Let’s face it: Sales is a numbers-driven occupation. The sales rep — or sales manager — who can afford to ignore quotas, targets and goals is a rare bird indeed.
But as you might suspect, when you allow yourself to become entirely numbers-driven, you’re setting yourself up for some big mistakes.
Proof of that point, if proof were needed, comes from research carried out by consultants at InsideSales.com. The researchers looked at 9.8 million transactions over nine quarter-year periods from reps at 151 companies. They found that artificial haste — often whipped up by end-of-period desperation — is a major contributor to reps’ losing sales they might have made.
Whether the period involved was the end of the week, the end of the month, or the end of the quarter, the research found that this was when reps’ success rates were lower, and failure rates higher. On Fridays, for example, reps lost almost 40% more deals than they lost on Tuesdays — Tuesday being the best day of the week for successful closing.
Looking at end-of-month, the data showed that reps managed to close more sales on the last day than on any other, by a factor of almost three. But that apparent success is illusory. Consider that reps also lost more sales on that day — by a whopping factor of 11.5X — and the sales they did make were one-third smaller on average than those made earlier.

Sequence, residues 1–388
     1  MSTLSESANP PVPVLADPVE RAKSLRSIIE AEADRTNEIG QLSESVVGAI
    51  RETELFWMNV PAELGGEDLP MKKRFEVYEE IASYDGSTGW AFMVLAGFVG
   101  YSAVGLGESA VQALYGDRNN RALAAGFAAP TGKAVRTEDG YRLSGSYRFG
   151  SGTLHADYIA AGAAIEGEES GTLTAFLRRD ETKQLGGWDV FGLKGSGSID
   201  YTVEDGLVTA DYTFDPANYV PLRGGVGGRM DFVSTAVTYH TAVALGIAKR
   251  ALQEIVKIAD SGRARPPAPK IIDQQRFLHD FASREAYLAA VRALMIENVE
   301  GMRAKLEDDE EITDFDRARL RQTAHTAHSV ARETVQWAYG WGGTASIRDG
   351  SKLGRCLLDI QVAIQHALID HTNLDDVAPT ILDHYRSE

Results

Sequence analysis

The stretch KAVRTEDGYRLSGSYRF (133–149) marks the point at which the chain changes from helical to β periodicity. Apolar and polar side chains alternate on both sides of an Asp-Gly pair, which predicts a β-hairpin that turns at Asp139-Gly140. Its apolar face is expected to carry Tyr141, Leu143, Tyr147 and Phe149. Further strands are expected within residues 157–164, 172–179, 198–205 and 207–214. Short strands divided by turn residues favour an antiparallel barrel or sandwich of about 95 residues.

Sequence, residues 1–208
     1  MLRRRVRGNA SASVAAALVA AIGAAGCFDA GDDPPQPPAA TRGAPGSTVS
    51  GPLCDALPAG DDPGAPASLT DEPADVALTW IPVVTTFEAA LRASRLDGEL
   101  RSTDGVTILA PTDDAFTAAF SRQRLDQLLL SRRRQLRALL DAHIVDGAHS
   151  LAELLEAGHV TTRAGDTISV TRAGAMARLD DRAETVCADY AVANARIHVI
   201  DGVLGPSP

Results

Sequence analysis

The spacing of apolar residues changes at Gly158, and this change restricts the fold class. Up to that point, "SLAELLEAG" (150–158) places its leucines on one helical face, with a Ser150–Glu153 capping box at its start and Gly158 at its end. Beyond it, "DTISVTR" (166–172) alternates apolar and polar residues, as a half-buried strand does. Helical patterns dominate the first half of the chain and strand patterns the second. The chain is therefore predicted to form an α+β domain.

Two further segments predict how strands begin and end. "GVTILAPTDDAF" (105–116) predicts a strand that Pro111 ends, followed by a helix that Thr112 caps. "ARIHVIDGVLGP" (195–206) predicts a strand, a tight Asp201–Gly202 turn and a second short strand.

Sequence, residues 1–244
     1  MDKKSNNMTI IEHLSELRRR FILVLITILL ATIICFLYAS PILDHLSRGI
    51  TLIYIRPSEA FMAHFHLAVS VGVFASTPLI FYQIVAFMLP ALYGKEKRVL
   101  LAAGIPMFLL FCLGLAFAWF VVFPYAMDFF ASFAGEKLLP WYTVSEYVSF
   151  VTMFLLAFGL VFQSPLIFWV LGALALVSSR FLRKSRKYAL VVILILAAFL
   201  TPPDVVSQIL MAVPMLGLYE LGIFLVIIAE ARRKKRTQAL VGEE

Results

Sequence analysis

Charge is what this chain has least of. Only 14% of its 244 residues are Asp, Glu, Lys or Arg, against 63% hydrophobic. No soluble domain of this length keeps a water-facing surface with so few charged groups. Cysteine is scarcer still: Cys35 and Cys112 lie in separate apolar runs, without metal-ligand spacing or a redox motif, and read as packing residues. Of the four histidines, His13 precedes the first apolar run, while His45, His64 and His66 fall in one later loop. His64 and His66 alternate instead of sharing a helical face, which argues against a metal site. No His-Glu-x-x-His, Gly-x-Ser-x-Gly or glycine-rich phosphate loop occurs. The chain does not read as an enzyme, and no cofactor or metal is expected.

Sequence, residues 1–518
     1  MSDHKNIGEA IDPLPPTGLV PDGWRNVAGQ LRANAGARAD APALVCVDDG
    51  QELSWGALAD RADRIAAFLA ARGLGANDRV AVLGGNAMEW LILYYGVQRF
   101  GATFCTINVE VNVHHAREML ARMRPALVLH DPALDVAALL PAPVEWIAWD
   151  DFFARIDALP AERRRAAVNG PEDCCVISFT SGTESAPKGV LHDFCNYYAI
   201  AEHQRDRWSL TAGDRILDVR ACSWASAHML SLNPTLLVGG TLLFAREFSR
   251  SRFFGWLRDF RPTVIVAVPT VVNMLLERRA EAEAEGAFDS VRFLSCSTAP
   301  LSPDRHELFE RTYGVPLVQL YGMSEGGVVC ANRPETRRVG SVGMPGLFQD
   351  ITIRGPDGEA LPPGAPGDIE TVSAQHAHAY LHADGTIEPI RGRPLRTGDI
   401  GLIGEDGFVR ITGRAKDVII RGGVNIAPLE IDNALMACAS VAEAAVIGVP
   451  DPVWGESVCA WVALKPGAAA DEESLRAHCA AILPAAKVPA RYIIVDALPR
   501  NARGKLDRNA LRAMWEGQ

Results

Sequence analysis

End-of-quarter showed similar phenomena:
- Deal sizes were almost 12% less in the last week of the quarter than over the rest of the period, and
- Reps lost almost twice as many sales at quarter’s end as they did at the end of each of the quarter’s first two months.
Buckling under sales pressure
It’s not hard to understand what’s going on here. When reps feel deadline-imposed pressure to make it happen, they’re more likely to push sales forward that aren’t ready yet, resulting in buyer rebellion. They’re more likely to offer price concessions, if these are available. And they’re more likely to winnow out prospects who, with a little more patience and cultivation, might come to fruition later on.
So what can reps, and managers, do to resist these trends?
Reps need to work toward deadlines and quotas steadily, so as to avoid unhealthy last-minute frenzies. Sales managers, for their part, should try to create “urgent events” over the full course of the time period, so as to keep reps at a simmer throughout, rather than coming to a frantic boil at the end.
Bottom line: While goals for the week, month and quarter have their importance, when reps work themselves into a frenzy to meet them, bad things are likely to happen.
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